The play seems to explore interactions with social media across generations. How did you approach the play and transmit this on stage?
I tried to show how characters of different generations demonstrated their familiarity and ease with which they used social media and apps. We also used projections to demonstrate how easy is to share information through social media and scenic elements that reflect a technological world.
There were several issues raised in “La Foto” that I wanted to explore, such as privacy and relationships in an era of social media. Who is a victim when something goes viral and who bears responsibility? What are the consequences of such an action? The characters allowed me to explore different perspectives on these questions without judging them.
What made you leave your legal field to go into theater? How has your background in the legal field helped you in the theater and arts scenes?
After I moved to Washington to practice law, I studied theater. In that process I discovered my creative side and how satisfying it was to explore and develop that part of myself. It was very challenging but I found that I could address issues of social justice through the arts as I could through the law. Working in theater and the arts also allowed me to experience, appreciate and learn about the diverse Latino cultures in our community and the rich cultural traditions that have existed for centuries. Unfortunately, I had little access to these cultures and traditions through our nation’s educational systems.
I have been able to apply the critical skills I developed in law school to the analysis of plays and to the business side of the arts and theater. Moreover, I think my legal skills have made me a better advocate for the arts in our communities and nation.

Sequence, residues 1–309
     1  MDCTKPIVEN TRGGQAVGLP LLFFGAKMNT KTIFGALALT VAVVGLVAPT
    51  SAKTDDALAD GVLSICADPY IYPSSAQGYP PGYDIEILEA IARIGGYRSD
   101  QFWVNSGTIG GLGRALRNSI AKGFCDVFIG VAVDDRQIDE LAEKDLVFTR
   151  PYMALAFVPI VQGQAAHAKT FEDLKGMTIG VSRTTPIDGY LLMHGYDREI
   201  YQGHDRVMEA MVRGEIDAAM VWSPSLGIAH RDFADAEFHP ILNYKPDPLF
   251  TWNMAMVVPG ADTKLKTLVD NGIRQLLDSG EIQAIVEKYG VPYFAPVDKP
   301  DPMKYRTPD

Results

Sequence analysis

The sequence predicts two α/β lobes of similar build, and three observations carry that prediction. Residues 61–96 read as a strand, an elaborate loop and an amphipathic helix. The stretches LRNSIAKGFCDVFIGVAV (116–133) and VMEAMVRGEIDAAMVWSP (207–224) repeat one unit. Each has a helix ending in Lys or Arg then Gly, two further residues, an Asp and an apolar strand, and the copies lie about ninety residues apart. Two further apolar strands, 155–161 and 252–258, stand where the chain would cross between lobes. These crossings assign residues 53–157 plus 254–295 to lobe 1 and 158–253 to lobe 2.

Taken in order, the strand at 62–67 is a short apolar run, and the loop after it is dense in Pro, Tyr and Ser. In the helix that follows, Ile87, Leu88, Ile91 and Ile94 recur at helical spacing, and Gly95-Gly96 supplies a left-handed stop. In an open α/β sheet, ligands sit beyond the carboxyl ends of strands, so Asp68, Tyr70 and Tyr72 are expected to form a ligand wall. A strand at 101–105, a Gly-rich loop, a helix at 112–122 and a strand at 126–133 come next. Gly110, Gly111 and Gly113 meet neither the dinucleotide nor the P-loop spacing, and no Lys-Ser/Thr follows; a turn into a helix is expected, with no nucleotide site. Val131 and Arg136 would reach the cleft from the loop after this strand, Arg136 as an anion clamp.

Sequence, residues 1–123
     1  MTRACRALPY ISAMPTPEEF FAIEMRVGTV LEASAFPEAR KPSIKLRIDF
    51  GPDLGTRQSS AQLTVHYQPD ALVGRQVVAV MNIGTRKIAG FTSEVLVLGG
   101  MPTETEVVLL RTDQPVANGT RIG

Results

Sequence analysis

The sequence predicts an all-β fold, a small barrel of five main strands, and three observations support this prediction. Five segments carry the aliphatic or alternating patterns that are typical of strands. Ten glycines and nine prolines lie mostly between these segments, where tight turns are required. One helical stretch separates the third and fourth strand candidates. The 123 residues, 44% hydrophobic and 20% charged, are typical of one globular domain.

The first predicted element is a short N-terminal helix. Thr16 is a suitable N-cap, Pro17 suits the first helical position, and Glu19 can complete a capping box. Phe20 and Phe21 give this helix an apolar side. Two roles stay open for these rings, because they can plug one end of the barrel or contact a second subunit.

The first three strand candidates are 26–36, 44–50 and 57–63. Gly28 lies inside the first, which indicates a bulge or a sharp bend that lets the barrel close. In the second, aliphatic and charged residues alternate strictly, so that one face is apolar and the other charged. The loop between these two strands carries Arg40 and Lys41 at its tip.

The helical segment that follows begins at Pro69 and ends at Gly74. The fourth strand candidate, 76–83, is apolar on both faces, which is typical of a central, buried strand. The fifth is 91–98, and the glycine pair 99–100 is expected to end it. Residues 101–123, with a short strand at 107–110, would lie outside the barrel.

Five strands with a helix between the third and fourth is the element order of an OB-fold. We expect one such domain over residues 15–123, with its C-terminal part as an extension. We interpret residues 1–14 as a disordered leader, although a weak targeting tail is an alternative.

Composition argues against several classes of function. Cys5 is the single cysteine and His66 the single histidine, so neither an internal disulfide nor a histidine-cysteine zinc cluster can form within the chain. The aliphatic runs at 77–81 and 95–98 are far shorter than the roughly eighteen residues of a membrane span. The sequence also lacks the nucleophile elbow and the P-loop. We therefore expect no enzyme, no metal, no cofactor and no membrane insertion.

You hold or have held top posts in the Americans for the Arts; the Board of Governors of the Helen Hayes Awards; the National Association of Latino Arts and Cultures, among other local and national arts advocacy groups. What has this experience been like and what trends do you see in Latino theater scene in Washington?
Being involved with these and other arts service organizations has helped me appreciate and advocate for the importance of the arts to the vitality of communities and the nation. I have also learned of the necessity for the inclusion and equitable participation, promotion, and support of people, artists and organizations of diverse cultures in the nation. For it is that diversity that informs, shapes and defines the evolving arts in America.
I think that we will see more plays by Latino playwrights produced and more Latinos reflected in casts and staffs of organizations across the country. It is time for Latino stories to be told as part of the American story, even as we continue to acknowledge and honor the root cultures.
What would you recommend to other aspiring artists who are currently in a different field?
To follow your north star and what brings you happiness and still allows you to be active in civic life.
“La Foto (A Selfie Affair),” in Spanish with English surtitles, continues through Feb. 25 at GALA Hispanic Theatre in Columbia Heights.